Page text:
Robyn Correll, MPH, CHWI

I'm a public health consultant, writer, and mental health first aid instructor based in Houston, Texas. 

What Happens During a Quarantine?

Quarantine is a tool used to prevent the spread of disease by keeping people who might be sick away from those who are healthy. This can either be done through a medical directive from a doctor or, less commonly, through a court or federal order. How long someone should be separated—and where—will depend on the disease and who ordered the quarantine. Quarantines have been used to protect public health since the 14th century, when the fear of the “Black Death” (or plague) in the Middle Ages prom

Here’s what parents should tell kids before the school year begins

Preparing kids for school takes more than vaccines and backpacks. Bullying and technology look different than they did a few decades ago, and the Internet has ushered in a new age of misinformation and anxiety. From Head Start to high school and college, kids need help navigating complex social and safety issues — ideally, before they happen. Here are some things that experts say parents should be thinking about as their kids and teens head back to school.

What Vaccines Do Health Care Professionals Need?

People who work in health care settings are frequently exposed to germs while being with or around patients. Vaccinating healthcare personnel (HCP), like physicians and nurses, helps protect them from potentially dangerous diseases like flu and whooping cough, as well as protects the patients they care for. All adults should make sure they are up-to-date on all routinely recommended vaccines. But if you're an HCP or work in a health care setting, there are six shots in particular that are recommended by the Advisory Committee on Immunization Practices (ACIP).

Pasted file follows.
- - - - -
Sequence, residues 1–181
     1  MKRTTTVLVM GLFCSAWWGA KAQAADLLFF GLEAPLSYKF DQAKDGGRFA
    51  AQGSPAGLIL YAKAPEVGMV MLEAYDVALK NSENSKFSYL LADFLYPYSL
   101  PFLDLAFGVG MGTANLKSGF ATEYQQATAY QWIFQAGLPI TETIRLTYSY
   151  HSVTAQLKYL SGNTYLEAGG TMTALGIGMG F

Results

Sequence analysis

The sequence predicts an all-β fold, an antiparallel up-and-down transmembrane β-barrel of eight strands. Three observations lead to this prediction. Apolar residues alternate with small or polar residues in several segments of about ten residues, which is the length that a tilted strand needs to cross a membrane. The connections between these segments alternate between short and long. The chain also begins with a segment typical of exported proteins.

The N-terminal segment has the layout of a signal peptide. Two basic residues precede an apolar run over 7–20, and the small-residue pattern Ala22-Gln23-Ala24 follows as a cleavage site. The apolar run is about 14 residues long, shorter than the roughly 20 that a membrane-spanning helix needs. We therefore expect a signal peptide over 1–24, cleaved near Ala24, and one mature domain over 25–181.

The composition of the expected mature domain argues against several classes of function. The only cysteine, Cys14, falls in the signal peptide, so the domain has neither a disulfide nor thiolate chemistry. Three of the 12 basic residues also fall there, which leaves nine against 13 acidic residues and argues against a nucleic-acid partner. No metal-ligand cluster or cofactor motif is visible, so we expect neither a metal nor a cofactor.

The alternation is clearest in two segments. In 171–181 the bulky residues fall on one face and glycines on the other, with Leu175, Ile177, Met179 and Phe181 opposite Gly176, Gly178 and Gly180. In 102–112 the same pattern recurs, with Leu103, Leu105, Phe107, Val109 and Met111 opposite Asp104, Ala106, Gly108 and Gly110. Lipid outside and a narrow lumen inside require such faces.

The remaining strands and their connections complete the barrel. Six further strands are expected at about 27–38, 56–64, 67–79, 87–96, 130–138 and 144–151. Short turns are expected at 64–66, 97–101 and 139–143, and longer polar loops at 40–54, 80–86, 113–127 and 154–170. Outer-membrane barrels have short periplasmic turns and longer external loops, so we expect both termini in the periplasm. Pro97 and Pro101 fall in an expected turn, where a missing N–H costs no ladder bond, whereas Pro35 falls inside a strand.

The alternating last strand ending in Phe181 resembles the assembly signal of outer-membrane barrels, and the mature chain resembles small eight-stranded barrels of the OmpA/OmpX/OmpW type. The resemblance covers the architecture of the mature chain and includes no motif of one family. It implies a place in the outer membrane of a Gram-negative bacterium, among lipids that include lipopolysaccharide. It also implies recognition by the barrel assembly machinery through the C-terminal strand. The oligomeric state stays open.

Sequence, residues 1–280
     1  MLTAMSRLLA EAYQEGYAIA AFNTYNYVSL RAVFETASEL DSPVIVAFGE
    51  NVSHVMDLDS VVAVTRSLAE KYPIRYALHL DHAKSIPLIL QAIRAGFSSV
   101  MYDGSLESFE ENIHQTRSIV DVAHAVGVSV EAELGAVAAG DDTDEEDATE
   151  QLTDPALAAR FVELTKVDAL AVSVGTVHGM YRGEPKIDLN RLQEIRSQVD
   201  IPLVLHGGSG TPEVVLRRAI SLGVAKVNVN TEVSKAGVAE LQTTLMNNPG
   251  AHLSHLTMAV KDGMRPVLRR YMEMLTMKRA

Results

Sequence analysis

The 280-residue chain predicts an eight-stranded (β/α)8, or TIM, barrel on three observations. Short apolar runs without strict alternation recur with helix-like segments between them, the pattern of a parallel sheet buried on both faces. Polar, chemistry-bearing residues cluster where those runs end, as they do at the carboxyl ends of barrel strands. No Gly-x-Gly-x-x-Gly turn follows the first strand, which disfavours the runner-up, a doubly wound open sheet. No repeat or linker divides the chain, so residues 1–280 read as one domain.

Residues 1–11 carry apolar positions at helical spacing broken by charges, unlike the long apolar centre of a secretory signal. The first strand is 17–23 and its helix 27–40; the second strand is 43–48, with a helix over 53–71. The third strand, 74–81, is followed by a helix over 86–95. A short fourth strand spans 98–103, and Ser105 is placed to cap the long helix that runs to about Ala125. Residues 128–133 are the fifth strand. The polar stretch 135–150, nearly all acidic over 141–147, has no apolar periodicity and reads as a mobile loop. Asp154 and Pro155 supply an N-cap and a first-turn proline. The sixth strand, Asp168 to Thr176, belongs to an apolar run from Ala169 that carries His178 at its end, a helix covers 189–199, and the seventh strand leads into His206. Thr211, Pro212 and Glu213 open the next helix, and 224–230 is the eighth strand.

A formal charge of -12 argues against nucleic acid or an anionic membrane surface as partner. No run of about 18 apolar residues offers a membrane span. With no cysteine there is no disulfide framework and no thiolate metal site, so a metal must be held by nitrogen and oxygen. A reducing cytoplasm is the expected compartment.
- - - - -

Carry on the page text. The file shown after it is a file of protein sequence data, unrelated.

Why You Feel Lousy After a Long Flight

Raise your hand if you’ve ever felt the long-haul hangover. You know the feeling — after spending several hours on the plane, you pull yourself onto the jetway tired and queasy, with a foggy head and slight headache. You feel gross and not just because you need a shower. While some might blame this general state of ickiness on jet lag, germs or recycled air, the reason we feel so lousy after a long flight actually has more to do with chemistry — specifically, how our bodies react to the change in chemistry that happens miles above the ground. Here’s a look at four key factors that play into this, and four tips for making it easier.
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